George Orwell demonstrates how dictators oppress their citizens by surveilling and monitoring their citizens. Throughout the novel, the Party shows its ability to constantly monitor the citizens of Oceania. This constant supervision leads to an atmosphere of fear, a loss of privacy, and more. One example of the Party breaching its citizens’ privacy and creating an atmosphere of fear is during an exercise routine. During the exercise routine, a female instructor directs everyone to do various exercises, when suddenly a voice calls out, “6079 Smith W.! Yes, YOU! Bend lower, please!” This shows that the Party is capable of monitoring all its citizens and likely has a group of workers watching the footage for anything deviating from the Party’s standards. The Party also creates posters and images which help to reinforce the atmosphere of fear. One example of a poster that can be found throughout Oceania is “the poster with the enormous face gazed from the wall […] BIG BROTHER IS WATCHING YOU, the caption beneath it ran.” The posters and the caption reinforce the atmosphere of fear by creating a constant feeling of being watched. This atmosphere of fear causes the citizens to become highly conscious of their words, actions, and thoughts as they could lead to severe consequences. This leads to the citizens suppressing their true feelings and opinions. This surveillance by the Party almost resembles the surveillance the CCP does. In China, surveillance cameras can be found almost everywhere. Whether they are on the side of a building or on a traffic light, they can be found almost everywhere. These cameras are connected to a system that the government uses for many different purposes, one of the most frivolous of which is to publicly shame “jaywalkers and list the names of people who don’t pay their debts.” Although this system is currently being used to shame people for doing minor crimes, it can be easily reprogrammed to find people who practice a certain religion or people who fall in a certain demographic. This system’s uses are constantly evolving and it has been proven that it can be used like the systems in 1984 that monitor people for deviating from the Party’s ideology. George Orwell shows how dictators oppress their citizens by surveilling and monitoring their citizens.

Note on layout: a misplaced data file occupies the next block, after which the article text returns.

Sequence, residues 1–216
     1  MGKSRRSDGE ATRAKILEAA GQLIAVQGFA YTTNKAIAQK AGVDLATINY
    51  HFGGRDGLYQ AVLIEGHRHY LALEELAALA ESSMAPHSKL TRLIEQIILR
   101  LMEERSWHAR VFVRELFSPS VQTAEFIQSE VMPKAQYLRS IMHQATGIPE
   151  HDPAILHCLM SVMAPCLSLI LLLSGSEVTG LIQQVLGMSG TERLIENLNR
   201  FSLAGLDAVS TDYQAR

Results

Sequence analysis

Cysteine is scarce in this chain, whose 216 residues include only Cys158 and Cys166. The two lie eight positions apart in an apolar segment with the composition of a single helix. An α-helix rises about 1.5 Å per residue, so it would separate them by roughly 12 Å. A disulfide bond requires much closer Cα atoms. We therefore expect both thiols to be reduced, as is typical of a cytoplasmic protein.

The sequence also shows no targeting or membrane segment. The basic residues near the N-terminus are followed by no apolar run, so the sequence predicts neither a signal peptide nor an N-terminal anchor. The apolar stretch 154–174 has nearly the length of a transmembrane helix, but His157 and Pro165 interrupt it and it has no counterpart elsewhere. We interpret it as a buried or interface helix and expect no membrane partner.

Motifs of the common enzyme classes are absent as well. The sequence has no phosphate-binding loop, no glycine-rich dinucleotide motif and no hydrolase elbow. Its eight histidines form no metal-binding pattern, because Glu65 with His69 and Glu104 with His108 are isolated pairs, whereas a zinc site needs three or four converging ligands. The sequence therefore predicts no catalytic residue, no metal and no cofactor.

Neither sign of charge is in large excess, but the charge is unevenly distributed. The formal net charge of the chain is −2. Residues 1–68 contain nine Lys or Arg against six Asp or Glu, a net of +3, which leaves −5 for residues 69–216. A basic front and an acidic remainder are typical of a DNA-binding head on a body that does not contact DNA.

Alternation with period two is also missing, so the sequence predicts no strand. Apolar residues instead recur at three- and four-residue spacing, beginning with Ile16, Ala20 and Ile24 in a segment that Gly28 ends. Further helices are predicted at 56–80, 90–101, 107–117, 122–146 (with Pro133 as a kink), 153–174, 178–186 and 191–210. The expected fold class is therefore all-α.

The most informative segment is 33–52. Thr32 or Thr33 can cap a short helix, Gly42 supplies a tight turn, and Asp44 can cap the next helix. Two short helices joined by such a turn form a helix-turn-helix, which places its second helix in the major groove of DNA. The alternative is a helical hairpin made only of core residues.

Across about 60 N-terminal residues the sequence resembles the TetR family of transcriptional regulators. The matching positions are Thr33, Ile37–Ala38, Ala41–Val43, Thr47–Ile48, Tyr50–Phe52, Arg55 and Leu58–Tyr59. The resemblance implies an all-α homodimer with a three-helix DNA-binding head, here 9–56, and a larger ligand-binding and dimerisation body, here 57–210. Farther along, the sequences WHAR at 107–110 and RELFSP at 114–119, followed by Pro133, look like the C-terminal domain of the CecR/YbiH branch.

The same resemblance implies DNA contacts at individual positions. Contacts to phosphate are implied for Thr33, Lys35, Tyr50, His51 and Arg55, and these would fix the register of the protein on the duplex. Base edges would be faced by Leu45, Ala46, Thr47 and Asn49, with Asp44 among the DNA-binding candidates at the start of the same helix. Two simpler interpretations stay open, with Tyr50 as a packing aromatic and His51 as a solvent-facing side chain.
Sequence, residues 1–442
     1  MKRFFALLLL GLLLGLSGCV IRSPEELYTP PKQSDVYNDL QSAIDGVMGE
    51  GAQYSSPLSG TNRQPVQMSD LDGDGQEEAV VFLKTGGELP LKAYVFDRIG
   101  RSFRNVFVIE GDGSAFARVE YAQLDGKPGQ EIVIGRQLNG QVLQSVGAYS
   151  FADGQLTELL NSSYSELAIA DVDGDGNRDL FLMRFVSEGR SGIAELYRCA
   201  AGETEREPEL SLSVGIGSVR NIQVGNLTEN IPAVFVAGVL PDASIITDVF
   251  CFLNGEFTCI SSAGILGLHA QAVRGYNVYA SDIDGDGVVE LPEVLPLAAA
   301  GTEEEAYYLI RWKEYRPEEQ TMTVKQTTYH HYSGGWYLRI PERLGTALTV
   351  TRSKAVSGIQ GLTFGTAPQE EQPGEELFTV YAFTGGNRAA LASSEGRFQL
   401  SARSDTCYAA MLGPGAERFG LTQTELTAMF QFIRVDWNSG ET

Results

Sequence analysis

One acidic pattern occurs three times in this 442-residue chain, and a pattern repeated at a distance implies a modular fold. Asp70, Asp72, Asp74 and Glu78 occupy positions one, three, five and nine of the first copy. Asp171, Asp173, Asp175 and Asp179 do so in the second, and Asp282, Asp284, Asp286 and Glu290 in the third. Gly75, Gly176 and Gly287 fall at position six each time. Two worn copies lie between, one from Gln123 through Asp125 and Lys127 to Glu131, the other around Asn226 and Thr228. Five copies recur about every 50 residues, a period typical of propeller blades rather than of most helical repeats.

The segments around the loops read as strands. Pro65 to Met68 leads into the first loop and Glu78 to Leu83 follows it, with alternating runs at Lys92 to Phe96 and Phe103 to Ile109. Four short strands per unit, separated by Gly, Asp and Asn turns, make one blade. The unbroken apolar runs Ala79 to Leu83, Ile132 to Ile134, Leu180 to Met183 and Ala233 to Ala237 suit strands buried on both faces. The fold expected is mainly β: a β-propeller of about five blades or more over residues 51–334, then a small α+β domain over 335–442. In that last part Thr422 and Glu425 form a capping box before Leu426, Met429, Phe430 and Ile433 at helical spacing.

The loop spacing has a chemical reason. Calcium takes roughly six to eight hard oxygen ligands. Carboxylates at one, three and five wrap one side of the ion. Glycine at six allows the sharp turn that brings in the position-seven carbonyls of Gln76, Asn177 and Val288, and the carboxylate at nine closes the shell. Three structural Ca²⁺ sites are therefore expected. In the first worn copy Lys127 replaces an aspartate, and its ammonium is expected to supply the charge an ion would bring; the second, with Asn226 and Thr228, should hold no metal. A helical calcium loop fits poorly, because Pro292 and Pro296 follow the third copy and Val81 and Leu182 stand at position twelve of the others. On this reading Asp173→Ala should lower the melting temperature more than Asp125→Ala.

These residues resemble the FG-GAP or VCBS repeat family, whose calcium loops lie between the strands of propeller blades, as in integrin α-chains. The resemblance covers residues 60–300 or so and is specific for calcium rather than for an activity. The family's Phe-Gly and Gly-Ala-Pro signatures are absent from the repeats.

In his novel, 1984, George Orwell shows readers that dictators gain and keep their power by manipulating and oppressing citizens through revising history to fit their narratives, spreading false information through propaganda campaigns, and finally surveilling and spying on their citizens. 1984 shows the terrible consequences when leaders have unchecked power and total control over every aspect of people’s lives. People living in countries that work to protect their freedom should be thankful they are not in the dystopian society portrayed in 1984. People need to work together to stop government leaders who are greedy for power and people need to defend their freedom.
Remorseless Manipulation Within Dictatorships
Throughout past and present eras of the world, dictatorships have employed a variety of manipulative methods to attain and keep power. A fictional demonstration of these methods is shown in the novel 1984 by George Orwell. 1984 takes place in a dystopian time, where Big Brother controls every aspect of citizens’ lives. A man named Winston Smith works in the Ministry of Truth, where he rewrites historical documents to align events with the political ideology of Oceania’s totalitarian government. He develops hatred towards Oceania’s totalitarian government and joins a group to pursue a seemingly ambitious rebellion. However, he becomes jailed, tortured, and brainwashed as a result of his actions. In the novel 1984, George Orwell informs readers that dictators attain and keep their powers by revising history to fit their narratives, spreading false information through propaganda campaigns, and surveilling their citizens.